The Intrinsic Motivation Inventory (IMI) has been gaining acceptance in the sport and exercise domain since the publication of papers by McAuley, Duncan and Tammen (1989) and McAuley, Wraith and Duncan (1991) which reported confirmatory support for the factorial validity of a hierarchical model of intrinsic motivation. This paper argues that the results of these studies did not conclusively support the hierarchical model and that the model did not accurately reflect the tenets of cognitive evaluation theory (CET: Deci & Ryan, 1985) from which the IMI is drawn. It is also argued that a measure of perceived locus of causality is required to properly model intrinsic motivation. The development of a perceived locus of causality for exercise scale is described and alternative models, in which perceived competence and perceived locus of causality are held to have causal influences on intrinsic motivation, are compared with an oblique confirmatory factor analytic model in which the constructs are held at the same conceptual level. Structural equation modelling showed support for a causal model in which perceived locus of causality mediates the effects of perceived competence on pressure-tension, interest-enjoyment, and effort-importance. It is argued that conceptual and operational problems with the IMI as currently used should be addressed before it becomes established as the instrument of choice for assessing levels of intrinsic motivation.

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Markland, D. & Tobin, V.J. (2010). Need support and behavioural regulations for exercise among exercise referral scheme clients: The mediating role of psychological need satisfaction. Psychology of Sport and Exercise, 11, 91-99.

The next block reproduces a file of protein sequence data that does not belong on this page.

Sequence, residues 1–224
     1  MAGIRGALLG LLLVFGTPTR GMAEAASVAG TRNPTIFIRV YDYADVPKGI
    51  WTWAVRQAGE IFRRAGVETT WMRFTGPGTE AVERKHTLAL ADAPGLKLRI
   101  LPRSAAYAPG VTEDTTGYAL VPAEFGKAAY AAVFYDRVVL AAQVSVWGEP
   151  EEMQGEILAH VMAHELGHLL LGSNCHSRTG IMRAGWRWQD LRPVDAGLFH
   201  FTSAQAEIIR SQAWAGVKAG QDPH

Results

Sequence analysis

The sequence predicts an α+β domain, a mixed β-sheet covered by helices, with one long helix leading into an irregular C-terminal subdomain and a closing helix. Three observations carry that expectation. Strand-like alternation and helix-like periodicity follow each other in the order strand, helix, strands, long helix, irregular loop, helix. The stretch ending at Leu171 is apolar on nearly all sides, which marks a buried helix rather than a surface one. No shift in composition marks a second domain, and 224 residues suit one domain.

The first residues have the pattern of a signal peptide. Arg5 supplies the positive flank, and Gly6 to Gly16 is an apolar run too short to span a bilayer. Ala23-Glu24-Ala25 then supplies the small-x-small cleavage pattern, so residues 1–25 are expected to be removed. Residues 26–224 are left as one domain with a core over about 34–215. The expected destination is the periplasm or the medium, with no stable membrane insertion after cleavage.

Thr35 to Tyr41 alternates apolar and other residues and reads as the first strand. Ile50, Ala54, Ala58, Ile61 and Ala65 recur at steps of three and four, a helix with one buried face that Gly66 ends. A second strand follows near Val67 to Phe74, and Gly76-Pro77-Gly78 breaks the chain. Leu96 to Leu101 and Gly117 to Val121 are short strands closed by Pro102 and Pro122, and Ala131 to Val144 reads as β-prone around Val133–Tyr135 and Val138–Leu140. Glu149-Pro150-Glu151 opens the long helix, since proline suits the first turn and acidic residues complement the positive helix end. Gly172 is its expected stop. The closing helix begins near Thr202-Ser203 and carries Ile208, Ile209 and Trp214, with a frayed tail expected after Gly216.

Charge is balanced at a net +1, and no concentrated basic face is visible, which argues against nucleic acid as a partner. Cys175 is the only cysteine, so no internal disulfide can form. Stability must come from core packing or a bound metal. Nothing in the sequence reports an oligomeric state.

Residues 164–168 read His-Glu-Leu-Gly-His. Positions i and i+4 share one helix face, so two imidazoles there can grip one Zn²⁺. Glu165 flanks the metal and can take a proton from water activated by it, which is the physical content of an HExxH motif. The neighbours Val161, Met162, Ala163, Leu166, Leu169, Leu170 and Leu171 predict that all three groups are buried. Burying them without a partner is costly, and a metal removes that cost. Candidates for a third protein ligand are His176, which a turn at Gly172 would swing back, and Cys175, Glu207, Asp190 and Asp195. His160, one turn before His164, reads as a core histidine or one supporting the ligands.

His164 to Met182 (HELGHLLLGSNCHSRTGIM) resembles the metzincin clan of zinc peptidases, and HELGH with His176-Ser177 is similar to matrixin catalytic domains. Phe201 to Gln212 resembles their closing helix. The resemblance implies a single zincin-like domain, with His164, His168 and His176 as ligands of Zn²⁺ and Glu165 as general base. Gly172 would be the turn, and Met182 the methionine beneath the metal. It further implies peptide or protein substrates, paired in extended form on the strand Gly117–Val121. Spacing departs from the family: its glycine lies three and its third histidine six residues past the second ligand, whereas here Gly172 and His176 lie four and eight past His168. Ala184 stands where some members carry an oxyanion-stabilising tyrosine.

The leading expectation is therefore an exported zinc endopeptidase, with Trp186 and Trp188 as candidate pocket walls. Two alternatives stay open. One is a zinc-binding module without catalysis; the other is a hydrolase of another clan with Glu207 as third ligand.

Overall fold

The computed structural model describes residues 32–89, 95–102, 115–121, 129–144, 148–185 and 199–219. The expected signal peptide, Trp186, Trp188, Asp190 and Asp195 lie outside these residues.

Objectives: Based on predictions drawn from self-determination theory (SDT: Deci & Ryan, 2000, The‘‘what’’ and the ‘‘why’’ of goal pursuits: Human needs and the self-determination of behavior. Psychological Inquiry, 11, 227–268) this study examined specific differential mediating effects of psychological need satisfaction in the relation between support for psychological needs and the internalization of behavioural regulation for exercise.
Methods: 133 former female exercise referral scheme clients (mean age 54.51) completed measures of need support provided by their exercise practitioners, satisfaction of the psychological needs for autonomy, competence and relatedness, the latter including measures of interpersonal relatedness and social assimilation, and behavioural regulations for exercise.
Results: Multiple mediator regression analyses showed that when need support promoted autonomy andsocial assimilation, individuals were less amotivated and less externally regulated. Fostering personal relatedness whilst not fostering autonomy was associated with greater introjected regulation but promoting social assimilation served to partially offset this negative effect. When need support facilitated autonomy, competence and personal relatedness, identified regulation was promoted. Satisfaction of autonomy and competence needs mediated the association between need support and intrinsic regulation.
Conclusions: The results support the central role afforded to autonomy in SDT and indicate that autonomy does not have to be actively undermined in order to forestall the internalization process. In practical terms, in addition to promoting autonomy and competence, exercise practitioners should help referral schemes clients to assimilate into the social environment of exercise facilities as well as ensuring that they receive more direct interpersonal support.

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Silva, M.N., Markland, D.A., Minderico, C.S., Vieira, P.N., Castro, M.M., Coutinho, S.R., Santos, T.C., Matos. M.G., Sardinha, L.B. & Teixeira, P.J. (2008). A randomized controlled trial to evaluate Self-Determination Theory for exercise adherence and weight control: Rationale and intervention description. BMC Public Health, 8, 234.